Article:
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I'm experiencing a serious problem. I have C# code that loads a DLL coded in C that calls a DLL coded in C++. Everything is fine until I'd like to pass a pointer of an array from the C level to the C++ level.

The calling code in C is the following:

#include <windows.h>
#include <winbase.h>
#include <windef.h>

int sendDLL( int* , int ); 

typedef int (*SendFunc)(int*);

int sendDLL( int* msg , int msgLength )
{
     int status = 0;
     SendFunc _SendFunc;

     HINSTANCE serialLibrary = LoadLibrary("sender.dll");

     if (serialLibrary)
     {
         _SendFunc = (SendFunc)GetProcAddress(serialLibrary, "UssSend");
        if (_SendFunc)
        {
             status = _SendFunc(msg);
        }

        FreeLibrary(serialLibrary);
     }

     return status;
}

Now the real twist is that passing the pointer is not enough: the message that is passed will be overwritten in the DLL and we need to read it out once again until the _SendFunc(...) returns.

If I start the program from Visual Studio (the highest level - the C#), I get the following right when the status = _SendFunc=(msg); is called (that's for sure, if commented out, no error occurs.)

An unhandled exception of type 'System.AccessViolationException' occurred in TestRS232.exe

Additional information: Attempted to read or write protected memory. This is often an indication that other memory is corrupt.

It there a way this can be solved?

share|improve this question
2  
How does UssSend() know the size of the array pointed to by msg? serialDLL() takes a msgLength parameter which is (presumably) the number of elements pointed to by msg. – hmjd Jan 26 '12 at 10:23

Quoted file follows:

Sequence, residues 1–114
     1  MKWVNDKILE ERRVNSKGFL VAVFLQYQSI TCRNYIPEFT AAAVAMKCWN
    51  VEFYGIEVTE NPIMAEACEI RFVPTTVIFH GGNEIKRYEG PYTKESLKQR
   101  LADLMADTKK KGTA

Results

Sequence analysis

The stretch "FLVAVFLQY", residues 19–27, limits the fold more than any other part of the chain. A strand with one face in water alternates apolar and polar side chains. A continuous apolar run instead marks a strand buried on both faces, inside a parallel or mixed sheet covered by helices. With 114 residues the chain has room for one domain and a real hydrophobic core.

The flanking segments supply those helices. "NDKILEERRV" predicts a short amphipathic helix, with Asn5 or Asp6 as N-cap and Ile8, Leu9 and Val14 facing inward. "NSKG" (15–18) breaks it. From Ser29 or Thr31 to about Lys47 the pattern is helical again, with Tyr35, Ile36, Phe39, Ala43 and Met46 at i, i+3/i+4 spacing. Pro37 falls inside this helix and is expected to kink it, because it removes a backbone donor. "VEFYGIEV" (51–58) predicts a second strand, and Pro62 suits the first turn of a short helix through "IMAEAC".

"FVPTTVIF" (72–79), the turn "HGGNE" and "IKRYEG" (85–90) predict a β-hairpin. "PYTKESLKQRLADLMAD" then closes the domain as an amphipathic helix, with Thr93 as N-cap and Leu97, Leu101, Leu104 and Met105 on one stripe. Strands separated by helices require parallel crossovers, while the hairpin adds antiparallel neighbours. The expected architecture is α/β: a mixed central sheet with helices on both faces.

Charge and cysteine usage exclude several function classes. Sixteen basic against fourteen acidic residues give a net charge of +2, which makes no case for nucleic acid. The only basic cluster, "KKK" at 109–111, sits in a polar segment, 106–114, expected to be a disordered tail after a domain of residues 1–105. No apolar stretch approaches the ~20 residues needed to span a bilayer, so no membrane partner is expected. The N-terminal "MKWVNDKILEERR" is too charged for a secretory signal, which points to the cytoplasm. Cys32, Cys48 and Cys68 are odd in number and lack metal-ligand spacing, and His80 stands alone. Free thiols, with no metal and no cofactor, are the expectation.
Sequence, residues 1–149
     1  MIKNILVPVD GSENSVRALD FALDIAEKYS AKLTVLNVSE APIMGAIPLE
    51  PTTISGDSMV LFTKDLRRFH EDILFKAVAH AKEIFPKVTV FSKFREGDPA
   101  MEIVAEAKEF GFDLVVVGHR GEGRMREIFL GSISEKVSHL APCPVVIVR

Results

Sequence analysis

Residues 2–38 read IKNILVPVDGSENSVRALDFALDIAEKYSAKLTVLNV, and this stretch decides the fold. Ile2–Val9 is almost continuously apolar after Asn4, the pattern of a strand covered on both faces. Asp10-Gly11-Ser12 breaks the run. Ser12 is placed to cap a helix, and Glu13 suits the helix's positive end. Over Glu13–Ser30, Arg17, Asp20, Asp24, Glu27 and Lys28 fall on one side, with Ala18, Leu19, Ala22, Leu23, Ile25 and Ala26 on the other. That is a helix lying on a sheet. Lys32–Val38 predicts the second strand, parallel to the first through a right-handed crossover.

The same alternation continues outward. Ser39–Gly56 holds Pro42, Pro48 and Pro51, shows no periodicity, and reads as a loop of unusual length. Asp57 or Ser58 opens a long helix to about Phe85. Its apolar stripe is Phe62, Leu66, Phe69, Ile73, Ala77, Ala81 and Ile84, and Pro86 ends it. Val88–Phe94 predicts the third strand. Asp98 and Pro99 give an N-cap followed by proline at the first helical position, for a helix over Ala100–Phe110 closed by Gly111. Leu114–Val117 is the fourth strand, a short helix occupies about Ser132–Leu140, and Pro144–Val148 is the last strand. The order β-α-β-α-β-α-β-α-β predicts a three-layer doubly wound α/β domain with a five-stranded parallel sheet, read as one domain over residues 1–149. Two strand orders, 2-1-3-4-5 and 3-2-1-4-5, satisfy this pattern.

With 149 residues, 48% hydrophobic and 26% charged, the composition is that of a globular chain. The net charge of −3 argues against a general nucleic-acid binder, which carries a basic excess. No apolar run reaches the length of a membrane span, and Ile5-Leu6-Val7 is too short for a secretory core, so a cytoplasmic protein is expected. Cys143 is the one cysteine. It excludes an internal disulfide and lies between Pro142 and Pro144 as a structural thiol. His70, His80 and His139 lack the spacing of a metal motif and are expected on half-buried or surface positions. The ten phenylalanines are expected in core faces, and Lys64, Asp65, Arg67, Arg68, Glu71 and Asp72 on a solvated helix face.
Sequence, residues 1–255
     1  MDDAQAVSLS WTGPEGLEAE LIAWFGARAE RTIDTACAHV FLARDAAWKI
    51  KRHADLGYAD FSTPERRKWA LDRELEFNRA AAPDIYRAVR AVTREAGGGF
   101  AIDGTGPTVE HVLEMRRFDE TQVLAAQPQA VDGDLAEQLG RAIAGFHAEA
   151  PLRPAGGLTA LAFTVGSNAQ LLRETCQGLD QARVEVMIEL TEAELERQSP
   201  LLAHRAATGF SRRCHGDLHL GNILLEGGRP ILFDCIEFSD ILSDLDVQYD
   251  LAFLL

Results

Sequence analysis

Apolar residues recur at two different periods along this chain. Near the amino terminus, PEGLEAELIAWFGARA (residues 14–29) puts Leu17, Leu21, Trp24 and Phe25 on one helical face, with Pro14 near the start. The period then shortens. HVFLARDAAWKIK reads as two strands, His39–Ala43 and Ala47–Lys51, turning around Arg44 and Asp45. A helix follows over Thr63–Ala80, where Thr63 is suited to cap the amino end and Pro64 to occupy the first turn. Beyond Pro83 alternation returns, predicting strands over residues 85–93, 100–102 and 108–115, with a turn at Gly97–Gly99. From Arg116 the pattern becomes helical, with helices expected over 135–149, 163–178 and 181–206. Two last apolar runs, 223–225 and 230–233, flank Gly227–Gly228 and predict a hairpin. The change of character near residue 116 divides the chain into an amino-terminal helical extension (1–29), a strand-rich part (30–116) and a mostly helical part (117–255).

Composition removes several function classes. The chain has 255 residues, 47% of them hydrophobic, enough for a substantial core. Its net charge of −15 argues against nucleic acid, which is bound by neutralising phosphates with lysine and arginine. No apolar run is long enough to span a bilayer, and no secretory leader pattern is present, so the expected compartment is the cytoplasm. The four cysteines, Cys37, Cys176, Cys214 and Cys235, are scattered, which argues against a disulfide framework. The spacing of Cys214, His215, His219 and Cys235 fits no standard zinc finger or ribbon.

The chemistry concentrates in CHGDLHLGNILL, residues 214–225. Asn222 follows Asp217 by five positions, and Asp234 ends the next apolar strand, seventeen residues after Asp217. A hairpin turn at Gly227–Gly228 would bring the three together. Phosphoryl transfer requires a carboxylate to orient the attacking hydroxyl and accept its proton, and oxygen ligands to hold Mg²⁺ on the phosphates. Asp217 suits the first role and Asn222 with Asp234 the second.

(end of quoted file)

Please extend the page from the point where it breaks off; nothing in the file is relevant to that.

You may also be interested in this article related to NXCOMPAT and DEP. – hmjd Jan 26 '12 at 10:26
    
Probably you should show us the buggy method rather than the one which calls it... – Nuffin Jan 26 '12 at 10:29
    
@hmjd the second byte of the msg array contains the length of the message, the passed msglenth is currently for debugging, I think it'll be removed in final code. (I remove the debugging printf functions :) ) – petermolnar Jan 26 '12 at 10:30
    
@Tobias the last DLL that is loaded is tested from other code, working correctly, for my unfortunate. – petermolnar Jan 26 '12 at 10:31

OK, the problem is solved, the error was a lot more obvious I've ever thought: the return value of the _SendFunc(...) was not int but long, and this caused the message above.

Sorry for the question and also thanks for the help of everyone.

share|improve this answer
1  
Are you sure that was the only reason? AFAIK both int and long are 32 bit even on Win64, and both types are returned in the same processor register, so confusing int and long should actually be a "mistake you can get away with" on Windows. – wolfgang Jan 26 '12 at 12:47
    
Yes, I'm sure, correcting the int "status" var to long solved it, though I was thinking the very same as you. – petermolnar Jan 26 '12 at 12:52
    
I second Wolfgang's opinion... Changing from int to long on Windows can't be the solver. Pay attention to calling convention mismatches: what is the prototype of UssSend? Is it __cdecl or __stdcall? – user1149224 Jan 26 '12 at 13:39
    
Guy it did actually solved it :) Really. Even if it lacks any logical reason. – petermolnar Jan 27 '12 at 8:37

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